Twenty years later, the sound and image of Talking Heads still feels new, maybe even post-new. It's frightening to look at this film and then consider that all of the Talking Heads are now in their fifties, and David Byrne's hair is as white as Steve Martin's. Byrne's music has mellowed just as people mellow with age, and his fascinating career along with the direction it's taken is emblematic of the excitement that youth brings to an artist's work. To watch 'Stop Making Sense' is to be alive, and for someone who never had and probably never will have the opportunity to see Talking Heads live, and even for those who have, it is a blessing to have a film such as this to preserve the unmatched innovation and energy of this band. Watching David Byrne perform in this film is an awesome sight. Schwarzenegger and Stallone were never this thrilling.

Reviewed by Det_McNulty 9 / 10

Perhaps The Greatest Concert-Film Ever Produced

Before I saw Stop Making Sense I had never been particularly concerned with The Talking Heads, or lead-singer and solo-artist David Byrne. Indeed, I had always been a fan of certain songs, such as "Burning Down the House" and "Psycho Killer", but I had never actually spent time becoming acquainted with the band's music on the whole. However, Stop Making Sense was something I was desperate to view, due to the substantial amount of praise that had been garnered over the years since its release. Now it is safe to say that The Talking Heads rank among my favourite bands, thanks to this masterpiece of musical art.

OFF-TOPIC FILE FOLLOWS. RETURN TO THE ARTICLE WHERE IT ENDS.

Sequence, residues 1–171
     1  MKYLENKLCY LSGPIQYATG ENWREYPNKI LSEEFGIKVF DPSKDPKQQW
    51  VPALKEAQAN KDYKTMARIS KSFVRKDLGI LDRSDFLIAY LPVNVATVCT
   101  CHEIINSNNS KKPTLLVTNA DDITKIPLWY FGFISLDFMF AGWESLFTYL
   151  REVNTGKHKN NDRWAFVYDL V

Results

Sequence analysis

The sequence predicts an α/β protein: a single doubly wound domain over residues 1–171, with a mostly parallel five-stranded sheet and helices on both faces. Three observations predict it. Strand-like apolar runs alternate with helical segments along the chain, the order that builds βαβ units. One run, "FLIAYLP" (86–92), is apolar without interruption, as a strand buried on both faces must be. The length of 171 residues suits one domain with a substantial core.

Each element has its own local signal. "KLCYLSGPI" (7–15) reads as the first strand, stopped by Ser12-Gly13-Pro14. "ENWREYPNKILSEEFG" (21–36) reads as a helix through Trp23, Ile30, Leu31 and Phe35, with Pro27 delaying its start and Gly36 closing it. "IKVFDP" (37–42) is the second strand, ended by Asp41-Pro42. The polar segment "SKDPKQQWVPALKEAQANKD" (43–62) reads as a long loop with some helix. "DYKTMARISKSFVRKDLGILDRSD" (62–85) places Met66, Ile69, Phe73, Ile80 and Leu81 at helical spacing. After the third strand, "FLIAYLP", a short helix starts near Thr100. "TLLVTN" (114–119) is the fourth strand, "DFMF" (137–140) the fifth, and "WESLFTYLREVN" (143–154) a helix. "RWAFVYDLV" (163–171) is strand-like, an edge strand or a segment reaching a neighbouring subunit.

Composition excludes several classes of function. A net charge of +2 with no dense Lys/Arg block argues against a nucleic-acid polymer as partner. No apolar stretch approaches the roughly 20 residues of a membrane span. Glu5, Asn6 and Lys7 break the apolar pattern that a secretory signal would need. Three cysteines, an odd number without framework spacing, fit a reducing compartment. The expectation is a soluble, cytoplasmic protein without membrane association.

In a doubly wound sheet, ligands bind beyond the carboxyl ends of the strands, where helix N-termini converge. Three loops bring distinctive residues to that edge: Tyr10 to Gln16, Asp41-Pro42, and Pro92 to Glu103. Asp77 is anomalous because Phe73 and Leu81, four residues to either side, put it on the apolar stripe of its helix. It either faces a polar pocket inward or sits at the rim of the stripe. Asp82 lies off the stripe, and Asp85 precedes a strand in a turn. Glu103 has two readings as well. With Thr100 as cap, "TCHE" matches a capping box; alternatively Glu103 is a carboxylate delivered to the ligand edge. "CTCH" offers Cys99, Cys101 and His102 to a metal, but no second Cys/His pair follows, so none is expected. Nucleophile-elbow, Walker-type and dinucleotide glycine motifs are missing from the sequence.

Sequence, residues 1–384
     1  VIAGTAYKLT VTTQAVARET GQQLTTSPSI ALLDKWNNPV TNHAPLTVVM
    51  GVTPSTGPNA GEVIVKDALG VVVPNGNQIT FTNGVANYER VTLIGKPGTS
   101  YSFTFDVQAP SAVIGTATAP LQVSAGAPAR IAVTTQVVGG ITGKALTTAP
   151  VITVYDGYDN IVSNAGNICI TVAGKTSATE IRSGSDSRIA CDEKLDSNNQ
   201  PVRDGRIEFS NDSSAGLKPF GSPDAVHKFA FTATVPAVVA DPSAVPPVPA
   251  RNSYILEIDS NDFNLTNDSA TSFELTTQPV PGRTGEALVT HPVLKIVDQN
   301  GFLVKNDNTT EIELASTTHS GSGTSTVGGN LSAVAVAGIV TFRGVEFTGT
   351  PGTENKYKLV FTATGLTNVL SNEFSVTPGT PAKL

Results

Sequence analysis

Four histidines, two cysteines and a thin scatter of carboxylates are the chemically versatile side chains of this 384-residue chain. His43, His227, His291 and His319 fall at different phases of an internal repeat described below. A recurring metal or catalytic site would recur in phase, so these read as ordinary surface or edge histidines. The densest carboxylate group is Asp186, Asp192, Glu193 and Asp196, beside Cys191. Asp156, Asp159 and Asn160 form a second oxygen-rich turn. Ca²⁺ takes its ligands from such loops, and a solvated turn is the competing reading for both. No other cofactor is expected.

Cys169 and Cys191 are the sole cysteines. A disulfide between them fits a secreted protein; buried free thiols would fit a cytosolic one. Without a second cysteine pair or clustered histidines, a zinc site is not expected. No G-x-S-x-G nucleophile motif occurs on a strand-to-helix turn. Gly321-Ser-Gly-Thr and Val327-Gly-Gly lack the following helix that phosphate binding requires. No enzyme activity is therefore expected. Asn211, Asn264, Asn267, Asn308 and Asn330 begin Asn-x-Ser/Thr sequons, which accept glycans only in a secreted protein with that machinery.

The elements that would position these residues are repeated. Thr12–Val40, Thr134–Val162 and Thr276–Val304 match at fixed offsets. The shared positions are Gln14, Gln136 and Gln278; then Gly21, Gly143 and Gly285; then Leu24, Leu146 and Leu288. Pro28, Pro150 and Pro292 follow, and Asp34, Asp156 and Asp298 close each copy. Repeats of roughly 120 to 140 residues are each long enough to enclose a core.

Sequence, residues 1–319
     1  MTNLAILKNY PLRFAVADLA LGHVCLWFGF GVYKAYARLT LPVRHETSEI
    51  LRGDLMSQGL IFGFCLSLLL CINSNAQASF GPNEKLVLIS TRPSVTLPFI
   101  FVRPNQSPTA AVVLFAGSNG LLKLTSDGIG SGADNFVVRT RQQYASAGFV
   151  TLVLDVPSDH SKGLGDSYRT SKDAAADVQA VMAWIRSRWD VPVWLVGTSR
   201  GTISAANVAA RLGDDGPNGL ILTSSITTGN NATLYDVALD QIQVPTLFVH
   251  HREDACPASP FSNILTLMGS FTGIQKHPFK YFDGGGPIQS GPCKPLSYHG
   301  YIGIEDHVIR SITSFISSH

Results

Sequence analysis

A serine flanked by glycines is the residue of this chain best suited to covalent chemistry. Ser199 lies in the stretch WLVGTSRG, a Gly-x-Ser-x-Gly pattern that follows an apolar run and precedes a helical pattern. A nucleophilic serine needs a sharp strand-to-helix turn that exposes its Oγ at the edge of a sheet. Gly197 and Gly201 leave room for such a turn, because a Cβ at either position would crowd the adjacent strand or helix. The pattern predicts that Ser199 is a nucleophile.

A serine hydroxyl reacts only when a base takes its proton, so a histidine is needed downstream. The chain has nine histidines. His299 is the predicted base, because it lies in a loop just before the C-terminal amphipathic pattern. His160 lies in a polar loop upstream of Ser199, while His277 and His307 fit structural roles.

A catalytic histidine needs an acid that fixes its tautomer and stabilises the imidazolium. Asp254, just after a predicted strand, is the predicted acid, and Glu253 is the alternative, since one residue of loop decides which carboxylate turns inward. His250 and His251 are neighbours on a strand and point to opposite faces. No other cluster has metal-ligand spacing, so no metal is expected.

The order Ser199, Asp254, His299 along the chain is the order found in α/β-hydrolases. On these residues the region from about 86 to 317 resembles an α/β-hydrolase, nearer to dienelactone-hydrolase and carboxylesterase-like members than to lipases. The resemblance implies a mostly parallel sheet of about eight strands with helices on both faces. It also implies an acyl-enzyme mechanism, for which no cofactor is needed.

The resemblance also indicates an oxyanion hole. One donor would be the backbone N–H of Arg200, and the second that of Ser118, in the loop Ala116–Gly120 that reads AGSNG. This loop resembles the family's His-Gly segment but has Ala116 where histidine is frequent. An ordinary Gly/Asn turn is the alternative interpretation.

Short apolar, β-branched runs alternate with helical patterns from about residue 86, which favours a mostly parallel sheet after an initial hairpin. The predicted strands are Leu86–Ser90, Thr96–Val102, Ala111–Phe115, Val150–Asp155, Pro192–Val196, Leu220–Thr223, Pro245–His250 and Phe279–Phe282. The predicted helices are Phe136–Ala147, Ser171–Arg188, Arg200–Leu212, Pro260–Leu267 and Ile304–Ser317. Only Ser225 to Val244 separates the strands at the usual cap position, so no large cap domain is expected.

Essentially, Stop Making Sense is a showcase of the band's collected works. Throughout the 90-minute running-time the concert simultaneously covers the back-catalogue of The Talking Heads, through fluid, non-stop vibrancy. From "Found a Job" and "Take Me to the River" the work is merely a sample of the group's ability to provide some of the most engaging live shows ever recorded. To say that the film is "original" would be an understatement, given that the title still rings true today. Stop Making Sense defines the band's abilities, attitudes, styles and motifs. The New Wave approach the film takes is stylistically engaging to such an extent that it is virtually impossible to draw your eyes away from the screen. Minimalist set-pieces move along with the mood of the music at such a rate that much of the picture feels like a kaleidoscope of blistering sound and trancelike imagery.